The Nation magazine’s Progressive Honor Roll of 2012 includes two Vermonters. Sen. Bernie Sanders is the “most valuable progressive.” Gov. Peter Shumlin is the “most valuable governor.”
Most Valuable Progressive: Bernie Sanders The first senator whose re-election was announced on November 6 wasn’t a Democrat or a Republican; it was independent progressive Bernie Sanders from Vermont. And cheers went up in union halls and campaign offices across the country. Why? Because though he remains intensely focused on the concerns of Vermonters and the fights in the Senate, Sanders has broken the boundaries of conventional politics. By refusing to bend to the compromises and spin of Washington, he has made himself the conscience of the fiscal cliff fight. That’s to be expected. In every austerity debate, Sanders has been resolute, championing Social Security, Medicare and Medicaid; defending the Postal Service against privatization threats; and opposing media consolidation schemes—whether they’re proposed by reactionary Republicans or disappointing Democrats.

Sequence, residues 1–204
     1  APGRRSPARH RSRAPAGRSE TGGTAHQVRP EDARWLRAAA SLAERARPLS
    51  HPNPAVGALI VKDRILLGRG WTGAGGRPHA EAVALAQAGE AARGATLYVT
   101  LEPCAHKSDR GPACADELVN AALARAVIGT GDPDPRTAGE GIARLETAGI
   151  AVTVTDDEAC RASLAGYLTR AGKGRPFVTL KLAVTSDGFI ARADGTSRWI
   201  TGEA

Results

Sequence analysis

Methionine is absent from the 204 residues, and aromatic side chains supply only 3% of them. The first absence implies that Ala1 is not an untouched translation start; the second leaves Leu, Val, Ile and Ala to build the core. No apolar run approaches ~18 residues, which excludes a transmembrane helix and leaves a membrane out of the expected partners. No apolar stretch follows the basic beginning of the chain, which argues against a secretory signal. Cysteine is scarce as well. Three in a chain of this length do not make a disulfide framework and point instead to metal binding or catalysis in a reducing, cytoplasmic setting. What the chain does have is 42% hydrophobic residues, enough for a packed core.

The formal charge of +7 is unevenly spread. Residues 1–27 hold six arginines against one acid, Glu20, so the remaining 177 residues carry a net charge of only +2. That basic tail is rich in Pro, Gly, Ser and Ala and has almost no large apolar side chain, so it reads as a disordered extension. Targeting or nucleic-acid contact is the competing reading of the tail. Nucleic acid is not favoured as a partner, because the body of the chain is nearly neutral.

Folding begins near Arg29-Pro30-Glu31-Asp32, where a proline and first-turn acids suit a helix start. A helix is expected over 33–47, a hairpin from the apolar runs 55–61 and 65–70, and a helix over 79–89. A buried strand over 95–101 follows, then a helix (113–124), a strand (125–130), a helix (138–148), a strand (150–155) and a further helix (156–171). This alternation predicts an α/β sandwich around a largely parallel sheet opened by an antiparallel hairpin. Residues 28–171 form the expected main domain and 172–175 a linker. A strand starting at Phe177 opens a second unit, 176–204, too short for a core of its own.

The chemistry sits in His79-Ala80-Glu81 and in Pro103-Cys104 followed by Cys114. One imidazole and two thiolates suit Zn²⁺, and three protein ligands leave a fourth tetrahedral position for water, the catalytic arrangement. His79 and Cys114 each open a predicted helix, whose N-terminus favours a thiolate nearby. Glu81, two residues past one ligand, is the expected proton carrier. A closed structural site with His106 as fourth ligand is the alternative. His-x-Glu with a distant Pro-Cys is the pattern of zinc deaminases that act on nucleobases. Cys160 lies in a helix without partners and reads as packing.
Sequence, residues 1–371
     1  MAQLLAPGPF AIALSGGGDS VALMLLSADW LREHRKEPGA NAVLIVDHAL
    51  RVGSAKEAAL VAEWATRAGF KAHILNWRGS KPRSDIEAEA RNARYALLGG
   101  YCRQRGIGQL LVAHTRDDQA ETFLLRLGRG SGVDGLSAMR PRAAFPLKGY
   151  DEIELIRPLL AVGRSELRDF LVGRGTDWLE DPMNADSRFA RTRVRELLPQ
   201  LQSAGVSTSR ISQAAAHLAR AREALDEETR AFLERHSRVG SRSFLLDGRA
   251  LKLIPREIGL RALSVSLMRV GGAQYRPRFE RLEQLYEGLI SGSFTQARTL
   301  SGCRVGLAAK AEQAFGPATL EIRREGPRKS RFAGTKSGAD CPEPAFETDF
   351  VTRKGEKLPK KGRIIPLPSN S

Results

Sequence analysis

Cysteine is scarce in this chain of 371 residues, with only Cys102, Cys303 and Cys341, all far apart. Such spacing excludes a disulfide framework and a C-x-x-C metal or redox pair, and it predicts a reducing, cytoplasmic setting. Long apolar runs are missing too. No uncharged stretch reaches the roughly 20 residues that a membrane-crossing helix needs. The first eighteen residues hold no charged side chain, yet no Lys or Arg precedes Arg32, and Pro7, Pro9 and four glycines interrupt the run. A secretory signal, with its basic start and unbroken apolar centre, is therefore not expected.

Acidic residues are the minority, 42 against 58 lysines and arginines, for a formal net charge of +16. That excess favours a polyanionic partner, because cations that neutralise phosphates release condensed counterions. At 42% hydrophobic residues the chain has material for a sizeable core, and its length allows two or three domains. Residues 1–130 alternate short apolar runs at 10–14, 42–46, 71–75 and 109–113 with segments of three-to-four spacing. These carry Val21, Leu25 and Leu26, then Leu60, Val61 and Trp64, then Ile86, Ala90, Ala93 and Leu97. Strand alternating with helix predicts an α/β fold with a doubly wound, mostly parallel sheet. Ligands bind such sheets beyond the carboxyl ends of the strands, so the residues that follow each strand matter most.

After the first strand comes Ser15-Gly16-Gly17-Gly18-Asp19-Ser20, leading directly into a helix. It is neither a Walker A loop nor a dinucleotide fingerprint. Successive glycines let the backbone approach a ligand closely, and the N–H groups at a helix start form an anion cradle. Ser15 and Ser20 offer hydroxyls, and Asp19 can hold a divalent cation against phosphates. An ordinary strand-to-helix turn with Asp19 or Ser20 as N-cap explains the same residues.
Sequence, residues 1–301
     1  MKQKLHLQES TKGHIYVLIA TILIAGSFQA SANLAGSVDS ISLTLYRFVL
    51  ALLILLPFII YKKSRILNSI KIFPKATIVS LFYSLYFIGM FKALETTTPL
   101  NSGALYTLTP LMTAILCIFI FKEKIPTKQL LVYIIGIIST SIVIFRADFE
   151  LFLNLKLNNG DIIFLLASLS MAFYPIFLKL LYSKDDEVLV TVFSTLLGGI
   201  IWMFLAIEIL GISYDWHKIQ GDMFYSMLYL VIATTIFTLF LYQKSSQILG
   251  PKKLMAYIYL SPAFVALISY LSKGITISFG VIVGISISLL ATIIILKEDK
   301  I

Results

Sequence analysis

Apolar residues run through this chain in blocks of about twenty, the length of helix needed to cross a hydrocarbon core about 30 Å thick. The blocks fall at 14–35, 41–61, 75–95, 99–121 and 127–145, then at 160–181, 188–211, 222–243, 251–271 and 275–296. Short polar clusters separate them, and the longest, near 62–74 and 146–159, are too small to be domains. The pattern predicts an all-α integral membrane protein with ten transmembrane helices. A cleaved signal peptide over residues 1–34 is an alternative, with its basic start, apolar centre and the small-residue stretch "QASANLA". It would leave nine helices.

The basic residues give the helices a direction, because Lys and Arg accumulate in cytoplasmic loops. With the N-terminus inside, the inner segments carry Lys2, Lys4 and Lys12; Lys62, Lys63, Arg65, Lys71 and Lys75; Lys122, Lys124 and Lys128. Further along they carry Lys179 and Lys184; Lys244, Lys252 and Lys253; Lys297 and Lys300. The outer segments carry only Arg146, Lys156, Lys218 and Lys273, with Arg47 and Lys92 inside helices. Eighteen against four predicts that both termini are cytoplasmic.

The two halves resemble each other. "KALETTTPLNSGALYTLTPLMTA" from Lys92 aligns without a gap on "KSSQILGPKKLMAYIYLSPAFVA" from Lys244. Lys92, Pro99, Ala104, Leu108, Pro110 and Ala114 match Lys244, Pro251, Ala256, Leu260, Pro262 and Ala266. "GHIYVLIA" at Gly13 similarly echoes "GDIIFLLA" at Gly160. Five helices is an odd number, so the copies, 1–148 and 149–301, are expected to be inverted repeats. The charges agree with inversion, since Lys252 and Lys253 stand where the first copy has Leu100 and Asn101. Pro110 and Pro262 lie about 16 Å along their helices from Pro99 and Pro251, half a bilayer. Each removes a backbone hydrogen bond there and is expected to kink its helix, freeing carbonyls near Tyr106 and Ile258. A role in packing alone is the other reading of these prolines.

Most Valuable Governor: Peter Shumlin When congressional Democrats needed an example of a Democratic governor who was the antithesis of Wisconsin’s right-wing, anti-labor firebrand Scott Walker, they picked Vermont’s easygoing Peter Shumlin, who told the House Oversight Committee, “What is puzzling to me about the current debate about state budgets is that the focus has been not on bringing people together to solve common problems, like we have done in Vermont, but on division and blame. I do not believe that those to blame for our current financial troubles are our law enforcement officers, firefighters and other state employees whose services we take for granted.” Not many governors talk like that—or mean it. Even fewer take on the challenges of state budgeting in realistic ways. Shumlin has, including as a champion of single-payer healthcare reform. Senator Sanders hails the state’s Medicare for All push as a national model. Shumlin, recently re-elected with 58 percent of the vote, will keep up that pressure in his new role as chair of the Democratic Governors Association.